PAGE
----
Episode #2 – “Women of Pandaria”

Episode #2 – “Women of Pandaria”

Jul 10

Our second episode features Tzufit and Apple Cider taking an in-depth look into the lore of Pandaria, specifically featuring some of the women we ran across in our travels. We highlight what’s cool about them, what’s not, and some analysis of what Blizzard’s intentions may have been with their stories.


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Below the cut is a full transcript of Episode 2, “Women of Pandaria.”

Apple Cider Mage:  Hello and welcome to this week’s Justice Points, Azeroth’s social justice and feminism podcast, with your hosts – I’m Apple Cider Mage, and we have with us as always …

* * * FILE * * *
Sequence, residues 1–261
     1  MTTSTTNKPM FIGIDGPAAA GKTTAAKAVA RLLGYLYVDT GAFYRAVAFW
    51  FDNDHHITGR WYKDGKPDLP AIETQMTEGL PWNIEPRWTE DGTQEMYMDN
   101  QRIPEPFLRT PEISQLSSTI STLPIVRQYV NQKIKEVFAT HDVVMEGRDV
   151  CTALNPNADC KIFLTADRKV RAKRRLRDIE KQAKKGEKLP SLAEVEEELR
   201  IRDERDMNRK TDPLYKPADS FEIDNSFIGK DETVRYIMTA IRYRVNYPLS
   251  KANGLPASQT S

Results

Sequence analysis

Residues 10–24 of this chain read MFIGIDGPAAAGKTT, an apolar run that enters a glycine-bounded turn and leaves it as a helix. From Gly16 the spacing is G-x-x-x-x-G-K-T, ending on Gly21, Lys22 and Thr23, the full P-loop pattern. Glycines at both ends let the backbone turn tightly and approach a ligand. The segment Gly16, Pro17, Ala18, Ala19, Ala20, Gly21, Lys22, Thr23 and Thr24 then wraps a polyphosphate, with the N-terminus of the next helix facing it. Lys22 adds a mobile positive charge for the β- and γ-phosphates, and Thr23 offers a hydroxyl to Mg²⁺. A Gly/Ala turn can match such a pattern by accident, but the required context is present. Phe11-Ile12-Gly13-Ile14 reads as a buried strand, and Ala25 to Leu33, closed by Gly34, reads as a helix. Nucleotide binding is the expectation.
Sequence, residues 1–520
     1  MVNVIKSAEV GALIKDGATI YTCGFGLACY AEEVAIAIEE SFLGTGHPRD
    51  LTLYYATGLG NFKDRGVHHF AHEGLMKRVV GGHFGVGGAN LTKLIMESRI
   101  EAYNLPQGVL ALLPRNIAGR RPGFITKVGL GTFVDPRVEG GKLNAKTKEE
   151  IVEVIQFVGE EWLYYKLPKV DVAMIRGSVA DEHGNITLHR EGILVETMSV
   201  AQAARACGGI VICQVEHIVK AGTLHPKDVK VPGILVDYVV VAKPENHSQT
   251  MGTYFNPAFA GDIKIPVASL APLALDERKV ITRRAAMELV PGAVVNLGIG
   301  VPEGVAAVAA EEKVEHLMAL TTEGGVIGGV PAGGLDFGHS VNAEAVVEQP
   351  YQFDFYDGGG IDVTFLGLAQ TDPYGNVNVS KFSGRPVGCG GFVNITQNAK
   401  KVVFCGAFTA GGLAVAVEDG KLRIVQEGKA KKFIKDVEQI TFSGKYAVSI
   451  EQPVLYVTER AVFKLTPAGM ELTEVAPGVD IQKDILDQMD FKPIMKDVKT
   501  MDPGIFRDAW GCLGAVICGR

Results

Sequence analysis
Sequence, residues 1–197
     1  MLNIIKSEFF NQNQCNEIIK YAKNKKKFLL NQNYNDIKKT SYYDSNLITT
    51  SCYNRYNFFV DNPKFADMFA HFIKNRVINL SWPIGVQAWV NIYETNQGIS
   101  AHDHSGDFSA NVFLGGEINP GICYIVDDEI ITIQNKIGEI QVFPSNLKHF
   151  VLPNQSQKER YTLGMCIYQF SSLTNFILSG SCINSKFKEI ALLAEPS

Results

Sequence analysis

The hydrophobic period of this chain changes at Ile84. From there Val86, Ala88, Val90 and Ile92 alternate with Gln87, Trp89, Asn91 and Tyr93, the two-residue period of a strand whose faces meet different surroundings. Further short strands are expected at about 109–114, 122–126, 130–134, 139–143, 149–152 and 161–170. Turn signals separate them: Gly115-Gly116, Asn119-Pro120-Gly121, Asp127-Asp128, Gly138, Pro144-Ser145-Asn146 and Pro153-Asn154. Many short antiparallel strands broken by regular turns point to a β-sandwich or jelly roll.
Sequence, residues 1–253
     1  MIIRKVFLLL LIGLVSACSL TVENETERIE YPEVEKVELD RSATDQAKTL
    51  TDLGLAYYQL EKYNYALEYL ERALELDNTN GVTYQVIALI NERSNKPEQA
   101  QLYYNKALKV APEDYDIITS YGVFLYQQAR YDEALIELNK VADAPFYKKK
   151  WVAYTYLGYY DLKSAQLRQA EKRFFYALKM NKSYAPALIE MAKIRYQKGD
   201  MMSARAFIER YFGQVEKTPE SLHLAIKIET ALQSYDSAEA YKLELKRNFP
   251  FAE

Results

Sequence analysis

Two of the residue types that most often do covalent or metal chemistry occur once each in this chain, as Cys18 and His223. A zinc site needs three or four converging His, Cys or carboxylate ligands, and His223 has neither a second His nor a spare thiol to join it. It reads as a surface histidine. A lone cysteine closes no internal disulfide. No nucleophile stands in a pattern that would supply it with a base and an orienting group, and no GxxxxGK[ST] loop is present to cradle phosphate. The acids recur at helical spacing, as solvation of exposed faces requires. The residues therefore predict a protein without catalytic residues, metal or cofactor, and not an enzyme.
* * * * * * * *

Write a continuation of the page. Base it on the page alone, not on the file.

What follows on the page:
Tzufit:  Hi, this is Tzufit.

Apple Cider Mage:  This week is super exciting.  It’s our second episode and we’re going to be covering the women in Pandaria.

Tzufit:  Yeah.  We are very excited about this episode.  This is one of the first ones that we really talked about when we were trying to figure out what we wanted to do with this show.  This episode in particular was definitely a focal point for us.

Apple Cider Mage:  Yeah.  There’s a lot of stuff that we are going to cover in the show.  Some of the major points we’re going to go over are Pandarian women, women in general, the Klaxxi, as well as the mogu.  So this is going to be really exciting and we should probably jump on in.

Tzufit:  Sounds good to me.  So, Apple Cider, back when Mists of Pandaria first came out on beta, you had a couple of very interesting, and very sort of oddly controversial posts at the time, about some of the dialogue that Ji Firepaw said in the pandaren starting area.